In May of 2016, EPA finalized the first national standards for limiting methane from the oil and natural gas sector, the nation’s largest industrial source of this climate destabilizing pollution. These standards will address new and modified sources of methane pollution—a potent climate pollutant more than 80 times more powerful than CO2 over the first 20 years. The standards will also help to reduce harmful ozone forming pollutants and toxic contaminants like benzene, a known human carcinogen, that are released with the methane gas.
While these standards will take on methane from new oil and gas development, the vast majority of dangerous methane pollution from the oil and gas industry—along with toxic air pollution—is already leaking from existing sources in the sector. In order to make significant progress in cleaning up the industry’s methane problem, EPA must tackle the pollution from the existing oil and gas infrastructure around the country next, and soon. These sources will continue to leak methane and toxic air pollutants in communities across the country for years to come, unless EPA steps up to limit methane and other pollutants like benzene from existing oil and gas infrastructure.
Just where is this infrastructure located? Last week a useful new tool was released that maps the locations of oil and gas facilities across the U.S. and the populations, schools and hospitals within a half mile radius of those facilities. Studies have found links between living near many oil and gas facilities and negative health impacts, including fetal defects and hospitalizations
Right now, the oil and gas industry is recklessly leaking millions of tons of methane pollution and toxic chemicals such as benzene, naphthalene, and formaldehyde into the air that harm our health and speed up climate change. That pollution can have health impacts on the communities surrounding oil and gas development. In fact, the results of a recent scientific review of hundreds of studies found overwhelming evidence of health threats from air pollution—87% of air quality studies found elevated air pollutant emissions and/or atmospheric concentrations.
The Map calculates the total population, schools and medical facilities within a ½ mile threat radius of an oil and gas facility at the national, state and county level. Although the impact of each individual facility reflects the specific details of emissions, weather, and geography, multiple studies have raised concerns about unsafe exposures and health impacts within a ½ mile radius.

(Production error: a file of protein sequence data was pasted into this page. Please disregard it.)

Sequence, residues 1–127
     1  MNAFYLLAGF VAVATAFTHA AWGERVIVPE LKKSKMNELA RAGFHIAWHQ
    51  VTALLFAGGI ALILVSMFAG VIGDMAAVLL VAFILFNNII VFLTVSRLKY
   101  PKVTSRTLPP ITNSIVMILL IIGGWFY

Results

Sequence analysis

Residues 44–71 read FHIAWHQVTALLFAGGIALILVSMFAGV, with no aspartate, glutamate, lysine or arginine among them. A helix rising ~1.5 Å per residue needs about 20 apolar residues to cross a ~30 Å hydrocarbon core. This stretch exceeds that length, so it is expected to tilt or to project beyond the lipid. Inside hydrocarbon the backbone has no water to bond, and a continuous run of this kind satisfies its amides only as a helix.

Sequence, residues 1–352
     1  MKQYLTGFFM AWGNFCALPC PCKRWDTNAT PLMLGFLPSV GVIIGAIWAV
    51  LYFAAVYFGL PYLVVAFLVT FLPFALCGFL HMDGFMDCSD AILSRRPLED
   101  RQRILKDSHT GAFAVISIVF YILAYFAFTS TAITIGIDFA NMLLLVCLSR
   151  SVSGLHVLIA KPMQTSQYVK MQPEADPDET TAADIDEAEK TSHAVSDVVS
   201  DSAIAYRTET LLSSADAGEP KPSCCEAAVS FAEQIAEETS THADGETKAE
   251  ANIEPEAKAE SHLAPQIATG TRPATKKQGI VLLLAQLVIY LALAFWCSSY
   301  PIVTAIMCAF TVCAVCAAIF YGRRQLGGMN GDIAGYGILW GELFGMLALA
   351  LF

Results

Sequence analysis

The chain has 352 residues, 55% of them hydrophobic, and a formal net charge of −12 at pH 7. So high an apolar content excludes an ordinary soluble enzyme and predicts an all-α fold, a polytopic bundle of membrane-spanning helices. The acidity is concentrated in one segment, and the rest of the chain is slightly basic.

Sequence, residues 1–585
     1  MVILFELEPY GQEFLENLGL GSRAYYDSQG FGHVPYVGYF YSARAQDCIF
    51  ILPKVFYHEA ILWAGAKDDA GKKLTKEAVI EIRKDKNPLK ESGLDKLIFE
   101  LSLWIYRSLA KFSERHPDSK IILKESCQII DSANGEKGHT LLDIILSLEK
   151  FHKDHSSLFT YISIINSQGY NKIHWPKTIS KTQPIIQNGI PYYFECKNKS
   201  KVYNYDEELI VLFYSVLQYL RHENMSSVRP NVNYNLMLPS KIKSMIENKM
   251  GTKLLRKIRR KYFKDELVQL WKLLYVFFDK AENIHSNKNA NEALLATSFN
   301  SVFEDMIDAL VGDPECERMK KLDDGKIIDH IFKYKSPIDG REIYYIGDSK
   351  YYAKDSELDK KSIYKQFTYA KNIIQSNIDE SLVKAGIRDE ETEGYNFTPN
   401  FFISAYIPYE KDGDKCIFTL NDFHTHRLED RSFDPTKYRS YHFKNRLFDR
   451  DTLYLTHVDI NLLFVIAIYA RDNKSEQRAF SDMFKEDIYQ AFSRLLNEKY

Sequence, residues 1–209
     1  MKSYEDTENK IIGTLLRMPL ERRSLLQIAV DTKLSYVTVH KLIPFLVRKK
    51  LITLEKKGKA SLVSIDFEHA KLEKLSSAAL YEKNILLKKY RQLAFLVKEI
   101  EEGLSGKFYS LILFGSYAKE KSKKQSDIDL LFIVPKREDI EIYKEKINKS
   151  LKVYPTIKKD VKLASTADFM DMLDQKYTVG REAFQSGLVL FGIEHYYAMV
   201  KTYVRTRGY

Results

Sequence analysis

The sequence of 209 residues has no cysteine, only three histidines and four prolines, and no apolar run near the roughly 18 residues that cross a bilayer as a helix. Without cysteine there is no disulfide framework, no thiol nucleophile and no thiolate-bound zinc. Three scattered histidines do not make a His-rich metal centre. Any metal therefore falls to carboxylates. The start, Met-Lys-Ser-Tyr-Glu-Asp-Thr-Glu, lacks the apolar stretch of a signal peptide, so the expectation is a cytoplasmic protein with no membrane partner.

Across the country, it is found that 12.4 million people live within a half mile radius of the 1.2 million active oil and gas wells, compressors, or processor stations in the United States. Additionally, there are 11,543 schools and 639 medical facilities within that half mile radius of active oil and gas facilities.
The Oil and Gas Threat Map also displays estimates for counties where oil and gas pollution is contributing to increased risk of cancer and respiratory disease. This analysis can show you whether EPA’s own emissions data indicates unsafe pollution but unfortunately data gaps and analytical limitations mean that areas that don’t show up on the map may also be at risk.
In addition, the Map links to more than 50 video testimonials from citizens who are negatively impacted by air pollution associated with oil and gas facilities. Through more than 100 infrared videos, the Map also makes visible normally invisible pollution from oil and gas facilities across the country.
The Oil and Gas Threat Map links the stories and struggles of communities across the country and shows the pressing problem that oil and gas pollution poses to our public health—making clear that safeguards are urgently needed to protect the public from existing sources of methane and other air pollution.
You can thank President Obama and EPA for taking the important first steps to limit methane pollution from new sources, and urge them to address the rest of the methane and air toxics problem, here.
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The U.S. Environmental Protection Agency took a historic first step in combating the second-largest industrial contributor to climate change in the United States.